Naming Names: Matching Customers’ Words

GollumTolkien created wonderful character names like Gollum, Gandalf, and Gimli. These names belong to a unique world. When you hear them you know where you are.

Same is true for customers. They use specific names in their worlds. Here’s the problem. If you use the wrong name with a customer, they think you’re from another world.

They’re thinking you:

a) don’t know their business -or-
b) don’t care to (which is even worse)

Obviously this is not how you want customers thinking about you.

Getting it Wrong in Speech

You might get away with mismatching customers names for a little while when speaking with them. Although they’ll look at you sideways when you call their “employees”, “tenants”.

Watchout in Proposals

Beware when mismatching names in your proposals. It’s as obvious to customers as a black widow spider on an angel food cake. And as jarring.

Get it wrong on paper and you’ve seriously hurt your chances of winning the bid.

Names: The Short List

Here are a few names customers use for:

  • Structure -aka- building, facility, property, plant, etc.
  • Structure user -aka- employee, tenant, staff, etc.
  • Your service worker (Janitorial) -aka- cleaner, custodian, janitor, etc.
  • Your service worker (Security) -aka- guard, officer, security guard, etc.

Which Names to Use

Typically, names are specific to a vertical market. Customers use the names everyone in their industry does. For example, in the commercial office market it’s “property”, “tenant”, “janitor”, and “officer”.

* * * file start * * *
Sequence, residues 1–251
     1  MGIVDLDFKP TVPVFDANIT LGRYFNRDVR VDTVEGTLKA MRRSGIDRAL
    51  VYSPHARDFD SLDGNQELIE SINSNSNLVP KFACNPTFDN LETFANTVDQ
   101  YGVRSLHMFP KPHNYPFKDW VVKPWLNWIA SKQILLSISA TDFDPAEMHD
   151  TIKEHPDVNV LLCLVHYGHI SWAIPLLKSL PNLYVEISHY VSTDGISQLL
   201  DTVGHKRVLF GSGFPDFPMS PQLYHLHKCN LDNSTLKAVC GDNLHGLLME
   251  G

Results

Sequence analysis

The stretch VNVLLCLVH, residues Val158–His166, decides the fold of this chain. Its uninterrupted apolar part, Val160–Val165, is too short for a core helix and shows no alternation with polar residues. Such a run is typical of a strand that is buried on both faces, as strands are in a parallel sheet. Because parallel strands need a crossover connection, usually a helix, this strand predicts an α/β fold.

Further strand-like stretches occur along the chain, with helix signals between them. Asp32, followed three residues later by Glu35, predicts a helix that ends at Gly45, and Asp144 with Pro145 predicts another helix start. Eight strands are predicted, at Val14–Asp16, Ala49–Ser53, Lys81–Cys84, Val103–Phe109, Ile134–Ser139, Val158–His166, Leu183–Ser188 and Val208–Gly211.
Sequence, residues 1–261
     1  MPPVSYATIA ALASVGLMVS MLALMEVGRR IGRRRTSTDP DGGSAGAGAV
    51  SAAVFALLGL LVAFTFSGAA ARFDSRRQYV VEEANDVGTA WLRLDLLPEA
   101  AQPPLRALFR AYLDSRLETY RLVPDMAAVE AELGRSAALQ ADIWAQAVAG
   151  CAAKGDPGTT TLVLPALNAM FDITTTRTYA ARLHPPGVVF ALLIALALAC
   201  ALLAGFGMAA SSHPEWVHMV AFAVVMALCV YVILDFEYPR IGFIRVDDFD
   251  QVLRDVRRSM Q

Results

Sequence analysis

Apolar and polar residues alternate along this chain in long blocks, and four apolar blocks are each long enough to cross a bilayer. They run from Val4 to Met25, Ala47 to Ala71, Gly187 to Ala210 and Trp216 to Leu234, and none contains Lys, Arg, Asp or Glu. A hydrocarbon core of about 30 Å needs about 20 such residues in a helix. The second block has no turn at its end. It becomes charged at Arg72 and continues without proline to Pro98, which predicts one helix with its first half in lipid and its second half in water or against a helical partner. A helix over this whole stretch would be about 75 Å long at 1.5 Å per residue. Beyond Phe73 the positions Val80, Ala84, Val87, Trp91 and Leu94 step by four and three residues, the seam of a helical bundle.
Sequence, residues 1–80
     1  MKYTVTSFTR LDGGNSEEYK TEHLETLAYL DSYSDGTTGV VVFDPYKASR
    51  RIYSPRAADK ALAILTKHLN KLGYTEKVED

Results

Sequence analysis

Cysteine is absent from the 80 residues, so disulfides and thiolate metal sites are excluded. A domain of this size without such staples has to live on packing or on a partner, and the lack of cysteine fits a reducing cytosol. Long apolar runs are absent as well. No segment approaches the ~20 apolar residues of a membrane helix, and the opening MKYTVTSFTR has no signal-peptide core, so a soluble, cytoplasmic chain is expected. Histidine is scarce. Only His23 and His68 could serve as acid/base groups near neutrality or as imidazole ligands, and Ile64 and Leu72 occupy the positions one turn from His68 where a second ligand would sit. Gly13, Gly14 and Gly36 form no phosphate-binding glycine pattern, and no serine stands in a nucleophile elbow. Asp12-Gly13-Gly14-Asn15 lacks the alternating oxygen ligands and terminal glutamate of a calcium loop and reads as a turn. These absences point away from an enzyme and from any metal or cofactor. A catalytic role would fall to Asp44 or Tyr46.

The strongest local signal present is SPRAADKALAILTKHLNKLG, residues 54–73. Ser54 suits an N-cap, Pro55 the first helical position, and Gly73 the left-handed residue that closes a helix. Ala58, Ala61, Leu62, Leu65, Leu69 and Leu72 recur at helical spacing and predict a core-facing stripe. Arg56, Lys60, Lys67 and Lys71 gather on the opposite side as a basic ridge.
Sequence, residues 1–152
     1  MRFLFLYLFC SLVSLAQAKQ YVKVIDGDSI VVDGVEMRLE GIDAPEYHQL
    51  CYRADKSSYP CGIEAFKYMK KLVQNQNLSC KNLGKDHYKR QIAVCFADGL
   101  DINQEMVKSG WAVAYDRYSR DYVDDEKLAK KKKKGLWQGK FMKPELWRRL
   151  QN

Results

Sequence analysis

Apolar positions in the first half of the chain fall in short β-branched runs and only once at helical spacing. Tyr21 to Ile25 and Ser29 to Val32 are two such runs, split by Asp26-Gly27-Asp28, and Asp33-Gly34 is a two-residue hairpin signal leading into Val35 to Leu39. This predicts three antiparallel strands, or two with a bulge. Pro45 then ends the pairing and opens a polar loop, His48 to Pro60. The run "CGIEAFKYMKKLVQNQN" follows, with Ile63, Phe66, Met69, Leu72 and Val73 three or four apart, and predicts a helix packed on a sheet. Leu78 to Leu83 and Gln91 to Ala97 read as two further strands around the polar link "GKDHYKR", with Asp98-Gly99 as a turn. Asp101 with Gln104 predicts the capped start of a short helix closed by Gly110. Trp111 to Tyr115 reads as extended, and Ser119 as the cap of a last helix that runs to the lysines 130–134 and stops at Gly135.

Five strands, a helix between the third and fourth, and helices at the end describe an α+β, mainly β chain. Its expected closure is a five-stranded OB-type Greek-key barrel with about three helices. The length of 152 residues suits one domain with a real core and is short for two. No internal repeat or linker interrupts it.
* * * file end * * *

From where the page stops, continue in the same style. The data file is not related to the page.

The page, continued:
Preparing for 1st Customer Meeting?

Scan their website, and look for the names they use. If not found on the web, use market specific names in the meeting. And keep your ears open. Catch the names they use, and align. Now you’re bonding.

Writing Proposals

Always scan the Request for Proposal (RFP) for the names they use. Always match those names exactly in your responses.

Names in Schizophrenic RFPs

In some RFPs, customers start by using one name, then switch to another later on, i.e. going from “guard” to “officer”.

What do you do?

Use the name that’s most frequently used in the RFP, and commonly used in the vertical market.

Names with Different Decision Makers

What if different decision makers, in the same company, use different names?

What do you do?

Match names with the decision maker who will manage your service. They’re the one who is seen as the expert within their company. So all your written (and verbal) communication had better match the names that person uses.

What customer names do you use?

~~~~~~
Chris Arlen
President, Service Performance

Technorati: proposal writing, RFP, selling

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